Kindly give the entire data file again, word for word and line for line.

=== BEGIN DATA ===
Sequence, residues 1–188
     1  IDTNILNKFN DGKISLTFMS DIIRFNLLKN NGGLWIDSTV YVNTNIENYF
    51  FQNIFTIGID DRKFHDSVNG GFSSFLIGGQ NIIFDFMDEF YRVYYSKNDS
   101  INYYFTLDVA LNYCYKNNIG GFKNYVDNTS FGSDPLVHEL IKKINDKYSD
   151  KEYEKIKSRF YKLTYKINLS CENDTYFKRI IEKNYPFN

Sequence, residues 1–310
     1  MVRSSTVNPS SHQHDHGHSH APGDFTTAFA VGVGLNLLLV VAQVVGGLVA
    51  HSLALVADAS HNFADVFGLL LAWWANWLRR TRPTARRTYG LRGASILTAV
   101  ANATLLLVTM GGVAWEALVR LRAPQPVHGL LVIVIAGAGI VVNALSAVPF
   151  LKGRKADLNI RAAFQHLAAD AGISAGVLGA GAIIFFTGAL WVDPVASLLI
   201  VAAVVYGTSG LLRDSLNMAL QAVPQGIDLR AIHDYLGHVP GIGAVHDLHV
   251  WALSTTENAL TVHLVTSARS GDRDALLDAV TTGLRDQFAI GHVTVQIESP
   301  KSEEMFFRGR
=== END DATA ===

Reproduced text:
Sequence, residues 1–188
     1  IDTNILNKFN DGKISLTFMS DIIRFNLLKN NGGLWIDSTV YVNTNIENYF
    51  FQNIFTIGID DRKFHDSVNG GFSSFLIGGQ NIIFDFMDEF YRVYYSKNDS
   101  INYYFTLDVA LNYCYKNNIG GFKNYVDNTS FGSDPLVHEL IKKINDKYSD
   151  KEYEKIKSRF YKLTYKINLS CENDTYFKRI IEKNYPFN

Sequence, residues 1–310
     1  MVRSSTVNPS SHQHDHGHSH APGDFTTAFA VGVGLNLLLV VAQVVGGLVA
    51  HSLALVADAS HNFADVFGLL LAWWANWLRR TRPTARRTYG LRGASILTAV
   101  ANATLLLVTM GGVAWEALVR LRAPQPVHGL LVIVIAGAGI VVNALSAVPF
   151  LKGRKADLNI RAAFQHLAAD AGISAGVLGA GAIIFFTGAL WVDPVASLLI
   201  VAAVVYGTSG LLRDSLNMAL QAVPQGIDLR AIHDYLGHVP GIGAVHDLHV
   251  WALSTTENAL TVHLVTSARS GDRDALLDAV TTGLRDQFAI GHVTVQIESP
   301  KSEEMFFRGR